WASHINGTON -- Supporters stand with him on Twitter, rally for him on Facebook and Wednesday, Sen. Rand Paul (R-Ky.) expanded his social media presence to Snapchat, becoming the first U.S. politician to use the app in a political context.
Announced Wednesday morning on the senator’s Facebook page, Paul promised “daily updates and behind-the-scenes footage,” with his first message arriving in the middle of the day.
In a brief video, Paul thanked users for following him, promising there’s more to come from his account “senatorrandpaul.”
Each Snapchat video or photo message is shared solely with individuals specified by the sending party, and all messages are automatically deleted within 1 to 10 seconds, though Mashable was able to snag a screenshot of Paul’s first message.
At least one other tea party favorite is a fan of the app, with Rep. Michele Bachmann (R-Minn.) commenting Wednesday that it’s her means of communicating with her kids, but no others have yet used the app as an official outreach tool.
The National Archives confirmed in an email that Snapchats are considered personal papers, and not a part of the federal record, so there won’t be a formal preservation effort similar to the Library of Congress’ preservation of congressional tweets. Such papers are often given to the Senate Historical Office to be added to its repository, but Snapchat doesn’t exactly fit into the traditional mold. Those wishing to store Paul’s messages will just have to learn how to take screenshots on their smartphones.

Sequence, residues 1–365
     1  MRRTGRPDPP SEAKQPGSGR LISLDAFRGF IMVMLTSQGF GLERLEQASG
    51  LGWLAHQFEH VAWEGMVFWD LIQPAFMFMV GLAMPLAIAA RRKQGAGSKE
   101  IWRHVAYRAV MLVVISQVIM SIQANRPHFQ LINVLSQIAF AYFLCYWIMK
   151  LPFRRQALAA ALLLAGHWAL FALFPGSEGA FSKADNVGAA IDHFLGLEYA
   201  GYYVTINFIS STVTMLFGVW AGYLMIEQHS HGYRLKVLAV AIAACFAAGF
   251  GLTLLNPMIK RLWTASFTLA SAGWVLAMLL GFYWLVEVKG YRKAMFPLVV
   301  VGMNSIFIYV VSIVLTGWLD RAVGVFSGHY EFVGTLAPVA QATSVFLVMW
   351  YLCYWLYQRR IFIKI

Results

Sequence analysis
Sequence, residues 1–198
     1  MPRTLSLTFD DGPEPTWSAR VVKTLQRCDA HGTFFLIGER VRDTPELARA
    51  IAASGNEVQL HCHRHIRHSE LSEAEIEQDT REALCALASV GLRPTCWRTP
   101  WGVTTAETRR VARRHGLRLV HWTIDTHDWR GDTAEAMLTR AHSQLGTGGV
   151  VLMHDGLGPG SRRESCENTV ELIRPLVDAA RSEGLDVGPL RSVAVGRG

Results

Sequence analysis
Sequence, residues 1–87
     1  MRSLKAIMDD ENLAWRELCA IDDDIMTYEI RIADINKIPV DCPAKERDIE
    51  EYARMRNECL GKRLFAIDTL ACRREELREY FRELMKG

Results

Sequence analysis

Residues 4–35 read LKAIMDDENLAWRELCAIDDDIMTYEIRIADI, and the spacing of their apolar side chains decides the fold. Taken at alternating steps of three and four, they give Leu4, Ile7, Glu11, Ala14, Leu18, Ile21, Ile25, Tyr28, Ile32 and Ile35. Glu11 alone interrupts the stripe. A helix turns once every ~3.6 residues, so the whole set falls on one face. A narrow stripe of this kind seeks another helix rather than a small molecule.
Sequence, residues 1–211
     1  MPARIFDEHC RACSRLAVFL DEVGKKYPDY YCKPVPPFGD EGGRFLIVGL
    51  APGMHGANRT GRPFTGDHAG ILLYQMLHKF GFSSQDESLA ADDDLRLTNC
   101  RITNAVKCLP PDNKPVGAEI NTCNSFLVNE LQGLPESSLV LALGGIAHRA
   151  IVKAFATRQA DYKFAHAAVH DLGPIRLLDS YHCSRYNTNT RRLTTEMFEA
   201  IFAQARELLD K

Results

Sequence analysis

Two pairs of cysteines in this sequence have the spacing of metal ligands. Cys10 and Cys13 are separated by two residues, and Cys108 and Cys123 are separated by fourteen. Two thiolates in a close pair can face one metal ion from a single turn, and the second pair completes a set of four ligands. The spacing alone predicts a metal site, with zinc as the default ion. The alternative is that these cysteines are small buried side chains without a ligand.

[Updated, 1:40 p.m. Jan. 15: "Senators personally own their records and determine what is and what is not saved and where the records will be donated at the end of their service," Senate archivist Karen Paul said Wednesday.
Senators are encouraged to keep a record of their social media activity during their tenure, and the Senate Historical Office is forming a working group to find a practical way for senators to do so, Paul added.]
Sergio Gor, a spokesman for Paul’s political team, said that the senator “always looks for a way to engage Americans of all ages,” and that Snapchat is just one of many social channels used to reach the public.
Paul has seen particular success on social media since his rise to the Senate, from vocal supporters taking to forums like Reddit to the globally trending #StandWithRand hashtag inspired by his 2013 filibuster on the Senate floor to draw attention to President Obama’s drone policies.
As for Snapchat, the app has been on an up-and-down swing of late, taking Silicon Valley by storm with its rapid growth and rejection of a $3 billion dollar buyout from Facebook. The business has also hired the firm Heather Podesta + Partners to shore up its lobbying efforts in Washington.
But its success has been tempered by a security breach that exposed 4.6 million user phone numbers this month. Many users were hit with a deluge of spam messages after the hack, though Snapchat says the two are unrelated.Copyright © 2014, Los Angeles Times